And a very strange thing was settling inside of me. With each new disaster came also, inexplicably, a growing sense of peace. A sense that I had driven as far as I could as long as I could as well as I could and was simply done being the driver. I had released control. I was eight years older than Mary and for the first time in our life it made a difference. She was younger, faster, fresher, smarter, tougher.

Blueberry was now more her company than mine. I was just the maintenance man now. She was the driver.

The last court session had closed the book on me and Kevin “The Worm” Dwan. Who had won and who had lost meant practically nothing to me any more. He was finally gone. That was all that mattered. Flushing this miserable turd from my life was a resounding relief. So long, Jerk. Have a good life. Any where else but in mine.

In July we finished our Arbitration filing and sent it off to Claudia for her expert attorney eyeballing. She gave it the okay. After all, according to the Arbitration Guidelines about all you had to do was say you had a beef and wanted it arbitrated. It wasn’t necessary to lay out your whole case, like you would have to do if it was a court trial.

The filing was mostly a restatement of the Demand Letter we had sent the previous year. Mark Robinson’s white washed, cover up Plante Moran Audit Report had severely crippled our ability to make the filing stronger with a direct accusation of the Accounting Fraud that was surely going on. We were confident, though, that this Fraud would be unearthed during the Discovery process of the Arbitration proceedings and the Cover Up, as well as the Fraud, would be exposed.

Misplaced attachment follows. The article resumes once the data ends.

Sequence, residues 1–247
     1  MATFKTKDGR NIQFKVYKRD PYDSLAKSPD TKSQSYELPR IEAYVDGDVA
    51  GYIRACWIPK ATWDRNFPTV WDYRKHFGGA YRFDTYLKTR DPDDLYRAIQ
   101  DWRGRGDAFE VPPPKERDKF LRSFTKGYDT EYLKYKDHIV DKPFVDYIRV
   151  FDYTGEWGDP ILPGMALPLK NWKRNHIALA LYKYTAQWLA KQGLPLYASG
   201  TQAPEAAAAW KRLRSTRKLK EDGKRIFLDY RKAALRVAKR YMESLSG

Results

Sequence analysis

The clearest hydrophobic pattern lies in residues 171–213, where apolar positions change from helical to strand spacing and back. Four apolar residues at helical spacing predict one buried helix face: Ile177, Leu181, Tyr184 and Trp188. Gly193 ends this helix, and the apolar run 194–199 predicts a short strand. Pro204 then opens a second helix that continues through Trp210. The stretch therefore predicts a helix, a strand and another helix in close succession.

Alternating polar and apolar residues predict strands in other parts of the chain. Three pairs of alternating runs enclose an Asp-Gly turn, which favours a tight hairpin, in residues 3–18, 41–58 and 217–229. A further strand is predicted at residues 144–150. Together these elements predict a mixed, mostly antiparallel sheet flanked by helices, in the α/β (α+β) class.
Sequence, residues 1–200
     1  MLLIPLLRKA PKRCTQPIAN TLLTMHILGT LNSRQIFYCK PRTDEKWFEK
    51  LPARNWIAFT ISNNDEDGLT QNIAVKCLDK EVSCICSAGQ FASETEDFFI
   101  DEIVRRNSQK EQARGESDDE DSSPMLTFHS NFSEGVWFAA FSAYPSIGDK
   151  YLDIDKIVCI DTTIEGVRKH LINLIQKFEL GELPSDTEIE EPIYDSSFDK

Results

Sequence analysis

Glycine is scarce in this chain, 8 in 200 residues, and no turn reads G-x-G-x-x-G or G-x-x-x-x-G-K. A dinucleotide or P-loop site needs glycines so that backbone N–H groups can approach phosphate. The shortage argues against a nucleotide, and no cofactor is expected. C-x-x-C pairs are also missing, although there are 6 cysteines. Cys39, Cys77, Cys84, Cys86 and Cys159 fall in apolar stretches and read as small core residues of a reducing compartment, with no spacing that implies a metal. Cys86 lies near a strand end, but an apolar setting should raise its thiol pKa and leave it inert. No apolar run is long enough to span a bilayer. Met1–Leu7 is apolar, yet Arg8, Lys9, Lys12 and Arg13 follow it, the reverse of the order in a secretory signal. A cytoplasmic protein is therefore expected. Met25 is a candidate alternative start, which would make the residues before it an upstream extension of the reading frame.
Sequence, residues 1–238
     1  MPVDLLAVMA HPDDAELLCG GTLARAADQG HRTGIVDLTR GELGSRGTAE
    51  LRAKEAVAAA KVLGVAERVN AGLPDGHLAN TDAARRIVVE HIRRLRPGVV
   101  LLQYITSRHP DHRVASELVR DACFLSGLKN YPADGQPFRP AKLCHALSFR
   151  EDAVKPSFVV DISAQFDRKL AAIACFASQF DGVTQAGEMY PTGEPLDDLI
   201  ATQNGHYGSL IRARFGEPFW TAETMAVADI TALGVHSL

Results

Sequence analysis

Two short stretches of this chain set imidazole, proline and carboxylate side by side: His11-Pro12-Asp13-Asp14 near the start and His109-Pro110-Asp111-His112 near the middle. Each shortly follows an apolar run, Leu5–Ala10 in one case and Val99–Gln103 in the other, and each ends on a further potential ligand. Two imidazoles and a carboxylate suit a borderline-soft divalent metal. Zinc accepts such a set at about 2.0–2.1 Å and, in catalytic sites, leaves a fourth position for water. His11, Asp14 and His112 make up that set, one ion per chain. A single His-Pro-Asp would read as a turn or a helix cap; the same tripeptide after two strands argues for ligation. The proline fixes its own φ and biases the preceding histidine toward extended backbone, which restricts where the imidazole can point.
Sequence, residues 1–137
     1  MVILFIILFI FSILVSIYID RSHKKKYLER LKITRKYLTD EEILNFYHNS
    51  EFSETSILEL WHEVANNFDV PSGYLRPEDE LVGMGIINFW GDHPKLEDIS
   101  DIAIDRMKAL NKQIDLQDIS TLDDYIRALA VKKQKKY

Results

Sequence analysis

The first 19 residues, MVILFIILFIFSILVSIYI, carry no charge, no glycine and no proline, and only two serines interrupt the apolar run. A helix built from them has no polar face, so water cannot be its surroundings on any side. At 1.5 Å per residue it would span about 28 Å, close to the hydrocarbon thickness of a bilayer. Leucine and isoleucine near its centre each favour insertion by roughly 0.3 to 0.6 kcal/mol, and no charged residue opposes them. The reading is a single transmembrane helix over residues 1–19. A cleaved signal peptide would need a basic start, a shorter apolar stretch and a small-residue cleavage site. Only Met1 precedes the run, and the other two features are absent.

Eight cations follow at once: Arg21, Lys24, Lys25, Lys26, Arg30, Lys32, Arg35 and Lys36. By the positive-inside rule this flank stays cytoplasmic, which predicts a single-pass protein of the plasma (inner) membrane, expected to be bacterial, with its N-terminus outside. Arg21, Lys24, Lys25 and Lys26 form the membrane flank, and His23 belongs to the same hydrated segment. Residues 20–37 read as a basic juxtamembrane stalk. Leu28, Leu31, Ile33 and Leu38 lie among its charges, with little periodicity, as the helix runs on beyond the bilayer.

We had four thousand left at this point. Which would not be enough to pay for the entire Arbitration process. We would have to come up with additional money somewhere, somehow along the way. Something we had been doing for quite a long time now. One more journey into the unknown with our Have Faith bumper sticker stuck to the rear of our Hopemobile. If thirty-one thousand wasn’t really much use for anything but the Arbitration, then four thousand that wouldn’t be enough wasn’t much use for anything either.

So we took a thousand of this remaining four and rented a four bedroom condo in North Lake Tahoe’s Incline Village which was owned by a friend of Mary’s who gave us a fabulously discounted deal on a week’s rental.

All of Mary’s six kids, two husbands, a couple of boy friends, and by now four grandchildren joined us for a week long vacation. For the first time in two years, the entire family was all together in one place at one time. And who knows how long it would be till the next time.

In early September of 2006, nearly five years in the making, we at long last filed for Arbitration against the Thieves of Arbortext/Parametric.

To be continued . . . Free Hit Counter website statistics


August 25, 2008 - Posted by | Business, Law, Software, Stories, Writing | , , , ,